Knewton is a math program that uses algorithms to build a personal profile for each student.  The program takes into account how long it takes for a students to answer a question, their answers to hundreds of other questions, and the answers of hundreds of thousands of other people to similar questions before determining the next question on the screen (Webley, 2013).  This technology, also known as adaptive learning, is able to predict student outcomes and could be the future for differentiated instruction.  “It is impossible to provide one-to-one teaching on a mass scale, but technology enables us to get closer than ever before (Webley, 2013).”  The feedback that this technology gives teachers allows them to help struggling students before they fail and it is too late.  Additionally, the technology has the ability to remediate students on prerequisite skills.  “Students in the same math course go through different sets of lessons as Knewton adapts the material to fit their individual learning needs (8).”  For example, Cienna Bungard, a middle school student states, “Knewton is based on what you can do, not what the class can do (Webley, 2013).”   In addition to the technology keeping students engaged, they are able to get more out of their math courses because of it and it has transformed the classroom from one-size-fits-all instruction to tailored intervention.

The turnaround at Cochrane was not only possible due to the integration of technology and interactive learning practices, but also through a strong emphasis on building positive relationships with students.  These relationships are built on a level of trust that allows teachers to challenge their students.  Teachers greet students individually and pay attention if something seems off, they show up to sporting events, ask students questions about how they are doing and listen to the answers, and model politeness and respect.  Since implementing these changes in 2007, Cochrane has more than doubled the percentage of students performing at grade level and reduced the achievement gap by thirty five percent (Nobori, 2011).  “There are so many stigmas that seem to suggest that students from this demographic cannot learn; that they are destined to fail.  But now we have data that proves that our students can go so far.  That’s a testament to what education can do (Nobori, 2011).”  Teachers and staff acknowledge that there is still work to do and have recently launched a one-to-one laptop program while working to build better relationships with parents and continuing to hone their instructional model to reach more students (Nobori, 2011).

Both articles mentioned the ability for technology to engage students while providing teachers with quick feedback about student performance that allows for the differentiation and adaptation of instruction.  Coupled with a focus on student-centered instruction and relationships, technology has allowed Cochrane to be able to significantly reduce the achievement gap at their school.  What both articles miss is the ability to use technology in the classroom in creative ways that may further engage students.  Tim Tyson (2010) states, learning will be made irresistible when students’ positive emotional connection to curriculum is authentically engaged in a learning process that focuses on producing high-quality, digital-knowledge products for everyone – the students, their peers, their parents, the community at large (Jacobs, p. 123).  Schools should also use technology to engage students in authentic, creative assessments that will make learning irresistible in all content areas.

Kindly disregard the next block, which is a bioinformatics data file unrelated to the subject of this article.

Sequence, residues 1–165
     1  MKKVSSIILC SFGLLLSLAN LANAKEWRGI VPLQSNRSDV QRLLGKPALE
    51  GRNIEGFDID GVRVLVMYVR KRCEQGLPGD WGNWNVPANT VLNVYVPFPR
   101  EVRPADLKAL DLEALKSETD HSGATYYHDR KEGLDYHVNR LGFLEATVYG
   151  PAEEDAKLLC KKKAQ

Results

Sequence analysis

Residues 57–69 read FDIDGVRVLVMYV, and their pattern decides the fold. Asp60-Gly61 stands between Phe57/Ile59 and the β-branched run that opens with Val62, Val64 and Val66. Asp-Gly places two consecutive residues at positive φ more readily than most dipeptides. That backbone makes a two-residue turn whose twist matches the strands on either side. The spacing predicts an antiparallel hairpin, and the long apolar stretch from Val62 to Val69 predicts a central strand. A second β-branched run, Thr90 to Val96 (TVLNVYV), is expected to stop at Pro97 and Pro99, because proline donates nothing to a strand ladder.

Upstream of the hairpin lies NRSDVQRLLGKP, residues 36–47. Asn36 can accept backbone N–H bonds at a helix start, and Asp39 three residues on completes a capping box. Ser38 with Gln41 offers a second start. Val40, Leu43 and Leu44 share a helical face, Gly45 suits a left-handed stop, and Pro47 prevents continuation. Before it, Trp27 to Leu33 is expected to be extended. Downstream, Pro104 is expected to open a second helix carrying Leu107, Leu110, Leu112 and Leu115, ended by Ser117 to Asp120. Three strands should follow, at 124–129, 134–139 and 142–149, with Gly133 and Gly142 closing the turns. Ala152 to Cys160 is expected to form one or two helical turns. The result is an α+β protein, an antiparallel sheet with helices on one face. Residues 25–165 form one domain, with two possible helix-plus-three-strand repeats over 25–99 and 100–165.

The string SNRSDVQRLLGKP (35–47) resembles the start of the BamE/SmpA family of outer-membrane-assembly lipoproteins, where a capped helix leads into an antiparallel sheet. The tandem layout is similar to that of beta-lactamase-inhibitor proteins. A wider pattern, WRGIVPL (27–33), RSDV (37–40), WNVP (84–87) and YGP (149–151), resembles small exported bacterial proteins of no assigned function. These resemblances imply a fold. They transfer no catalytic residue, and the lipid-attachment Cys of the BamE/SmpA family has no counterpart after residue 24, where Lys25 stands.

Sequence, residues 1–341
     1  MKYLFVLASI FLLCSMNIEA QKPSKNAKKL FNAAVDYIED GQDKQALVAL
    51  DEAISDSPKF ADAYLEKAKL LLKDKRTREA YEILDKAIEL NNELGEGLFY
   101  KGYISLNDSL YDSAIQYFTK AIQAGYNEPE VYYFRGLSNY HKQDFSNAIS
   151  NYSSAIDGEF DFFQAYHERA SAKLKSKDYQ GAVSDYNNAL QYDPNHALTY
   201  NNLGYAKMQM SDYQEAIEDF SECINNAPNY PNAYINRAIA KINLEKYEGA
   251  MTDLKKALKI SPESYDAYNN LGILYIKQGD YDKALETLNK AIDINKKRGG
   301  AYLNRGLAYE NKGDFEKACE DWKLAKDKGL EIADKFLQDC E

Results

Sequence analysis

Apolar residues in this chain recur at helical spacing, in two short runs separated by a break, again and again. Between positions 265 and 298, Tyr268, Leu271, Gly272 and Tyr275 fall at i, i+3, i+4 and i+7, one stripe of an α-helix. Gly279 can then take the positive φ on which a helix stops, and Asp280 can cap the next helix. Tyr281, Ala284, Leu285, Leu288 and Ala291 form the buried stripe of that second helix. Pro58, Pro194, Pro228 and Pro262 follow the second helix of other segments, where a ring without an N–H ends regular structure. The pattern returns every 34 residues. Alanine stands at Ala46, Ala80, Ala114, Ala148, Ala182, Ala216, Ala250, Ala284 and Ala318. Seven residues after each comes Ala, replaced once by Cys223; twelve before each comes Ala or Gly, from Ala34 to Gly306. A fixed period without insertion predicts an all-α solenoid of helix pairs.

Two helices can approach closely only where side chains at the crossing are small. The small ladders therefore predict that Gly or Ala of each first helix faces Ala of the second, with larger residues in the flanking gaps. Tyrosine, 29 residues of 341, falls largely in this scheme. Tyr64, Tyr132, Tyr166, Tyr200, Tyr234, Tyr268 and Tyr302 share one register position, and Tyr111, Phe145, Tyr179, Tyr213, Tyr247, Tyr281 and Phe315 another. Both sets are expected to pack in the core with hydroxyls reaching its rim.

The proficiency gap is a hurdle that many school leaders are faced with.  Unfortunately, there is often a lack of funding that allows for schools with low proficiency to integrate technology.  If this is the case, as Cochrane has shown, gains can still be made by targeting professional development for teachers in a structured way that will model student-centered instructional approaches as well as foster positive relationships with students.  The gap could be further reduced, or in many cases, virtually eliminated, by implementing technology that provides teachers with instant feedback to differentiate instruction while engaging students through interactive technology.  Furthermore, students can be engaged through technology not just through the use of “cool gadgets” but by using it in ways that will allow them to develop 21st century skills through the creation of high-quality products for authentic audiences.  Focused professional development that models student-centered instruction, building supportive relationships, and integrating technology could enhance the curriculum across disciplines, thus making learning irresistible and ultimately reducing the proficiency gap.


Further reading:

http://nation.time.com/2013/06/06/the-adaptive-learning-revolution/

http://www.edutopia.org/stw-school-turnaround-overview

Curriculum 21: Essential Education for a Changing World by H. H. Jacobs

http://www.theedadvocate.org/technology-and-mentorship-addressing-the-problem-of-urban-students/

http://www.cbpp.org/cms/?fa=view&id=4216